PREMEDITATED PEPPERMINT by Amanda Flower is a delectable read. People are treated to an intriguing mystery with likeable characters, some kooky, a charming setting, and humorous dialogue that will put a smile on reader’s faces.

The main character, Bailey King, returns to Harvest Ohio in Holmes County to help take care of her Amish grandmother after the death of her grandfather. She takes over the running of the family shop, Swissmen Sweets. In this story, Bailey is preparing peppermint treats for their booth at the Yuletide in Harvest Festival when she gets an unexpected and unwanted visit. Eric Sharp, her ex- boyfriend and a celebrity chef, has brought a film crew to Harvest to produce an episode for his new reality cooking show. His plan is to include Bailey and her Amish ties and possibly rekindle their romance. But a wrench is thrown into the community when the crew’s producer is found murdered and Eric is the prime suspect. Complicating matters is Bailey’s current boyfriend, the deputy sheriff, Aiden, who thinks Eric is guilty.  Bailey only wants justice to be served and proves that there are a number of people of interest. She must juggle finding the killer, running the sweet shop, and dealing with townspeople such as Juliet and her service animal, pot belly pig, Jethro, a live nativity which includes a camel, and a Christmas parade.

This story gives a sense of a small-town community and the differences between the Amish and “English” cultures. People will feel they are taking the horse and buggy ride with the Amish. The plot gives off an old-fashioned feeling without the present-day technologies.  Readers will eat up the delightful cozy mystery with fascinating characters and a pleasant setting.

Elise Cooper:  Why the title? 

Amanda Flower:  Each book in the series has a different candy associated with it because the main character has a candy shop.  This is the third book in the series with my first two books titled, Assaulted Carmel, Lethal Licorice, and now Premeditated Peppermint. I wanted to write this one surrounding Christmas and thought peppermint is the perfect fit.  I actually made peppermint bark before and since it is not too hard to do I put it in as a recipe at the end of the book.

EC:  You write about Amish culture?

AF: Currently, I live an hour from Amish country.  I was a librarian and lived in Holmes County for three years.  I always wanted to write in a book the scene where the nativity parade marches down the street with both the English and Amish watching.  There is a Christmas market where all the shops in the village are represented.

EC:  Can you tell some of the differences?

AF:  In this book, I explain how the Amish have no pictures and no Christmas trees. Decisions are made only with the permission of the Church Bishop.  Not taking pictures originates from the Bible.  If you ever saw an Amish doll there is no face and that is also based on the literal interpretation of the Bible.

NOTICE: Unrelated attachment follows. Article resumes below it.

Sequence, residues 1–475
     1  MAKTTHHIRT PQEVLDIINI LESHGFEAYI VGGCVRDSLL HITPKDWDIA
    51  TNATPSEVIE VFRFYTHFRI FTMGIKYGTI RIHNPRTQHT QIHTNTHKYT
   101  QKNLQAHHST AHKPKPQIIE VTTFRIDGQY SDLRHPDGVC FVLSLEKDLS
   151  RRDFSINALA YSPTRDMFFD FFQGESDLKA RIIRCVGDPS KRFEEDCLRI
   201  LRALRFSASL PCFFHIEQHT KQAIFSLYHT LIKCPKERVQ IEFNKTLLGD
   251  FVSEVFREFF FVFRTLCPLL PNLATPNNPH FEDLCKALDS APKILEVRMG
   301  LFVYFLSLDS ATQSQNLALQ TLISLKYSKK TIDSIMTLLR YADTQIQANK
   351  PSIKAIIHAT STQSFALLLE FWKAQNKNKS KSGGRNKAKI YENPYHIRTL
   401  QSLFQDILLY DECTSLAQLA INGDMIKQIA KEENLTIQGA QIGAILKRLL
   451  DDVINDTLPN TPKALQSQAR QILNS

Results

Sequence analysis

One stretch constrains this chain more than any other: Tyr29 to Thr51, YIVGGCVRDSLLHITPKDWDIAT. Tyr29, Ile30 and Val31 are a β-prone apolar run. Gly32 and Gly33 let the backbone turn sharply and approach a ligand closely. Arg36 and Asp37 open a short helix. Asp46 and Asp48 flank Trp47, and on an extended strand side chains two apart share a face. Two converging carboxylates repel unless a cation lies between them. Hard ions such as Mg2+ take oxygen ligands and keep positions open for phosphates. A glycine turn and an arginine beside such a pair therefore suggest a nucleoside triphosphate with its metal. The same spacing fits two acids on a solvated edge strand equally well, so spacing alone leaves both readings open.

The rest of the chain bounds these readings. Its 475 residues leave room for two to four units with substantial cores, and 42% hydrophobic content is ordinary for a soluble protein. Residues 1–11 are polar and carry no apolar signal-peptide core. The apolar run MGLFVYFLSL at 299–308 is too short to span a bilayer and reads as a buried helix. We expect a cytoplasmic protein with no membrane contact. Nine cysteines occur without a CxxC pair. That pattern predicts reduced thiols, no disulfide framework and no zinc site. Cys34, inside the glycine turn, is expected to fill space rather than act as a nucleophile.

EC:  How would you describe the ex-boyfriend, Eric?

AF:  He is driven by fame and wealth. Very self-centered because he does not care about anyone other than himself.  A playboy who is smug, condescending, arrogant, and materialistic. I would call him a jerk, but not evil.  He is not someone I would ever want to date. I based him partially on the chef from “Hell’s Kitchen,” the yelling personality.

EC:  What about his counterpart, Aiden, the deputy sheriff?

AF:  He is steady, responsible, reliable, kind, and loyal.  In an earlier book, I wrote in his backstory with an abusive father.  He became a police officer because he wants to protect people.  Now he takes care of his mother Juliet and wants Bailey to understand he respects her and wants her to be her own person.

EC:  How would you describe Bailey?

AF:  Bailey is smart, successful, dedicated, empathetic, and motivated, which is why she makes such a great amateur sleuth.  She runs into danger, not away from it. At the age of eighteen she moved out of her parent’s house and supported herself through culinary school.  She knows what she wants in her life.  I think she is a tough cookie because she is so spunky. She has chosen herself as the go between concerning the Amish and the police since her relatives are Amish. She is able to help Aiden solve crimes.

EC:  The setting is charming?  

AF:  Yes, and the book quote describes it as a “Norman Rockwell postcard.”  It is typical rural Ohio. A small town with a gazebo and festivals associated with the different seasons.  This is how I wanted my readers to imagine the town.  I based it on Berlin, Ohio.

EC:  Did you ever have pig for a pet?

AF:  No.  But all my cozies have a central animal.  I am a big animal lover.  I thought it would be cute to have a comforting pig in Amish country because that would be so foreign to an Amish person. They use these animals to work the farms.

EC:  The banter between the characters is very humorous?

AF:  I like to write funny.  I do put in the serious issues of murder.  But in my own life I deal with problems by using humor.  I guess it comes across in my writing.  I really like Cass because she is so un-Amish with her purple hair.

EC:  Can you give a heads up about your next book?

AF:  Toxic Toffee, the next book in this series comes out in June.  Bailey is returning to Harvest, from New York, having just wrapped up a six-week shoot of her cable show. She has been recruited to create a giant Bunny made out of toffee for Easter that will also feature white rabbits. A rabbit farmer dies and it is found out he was given a lethal dose of poison. Bailey and Aiden work the case together to find the killer.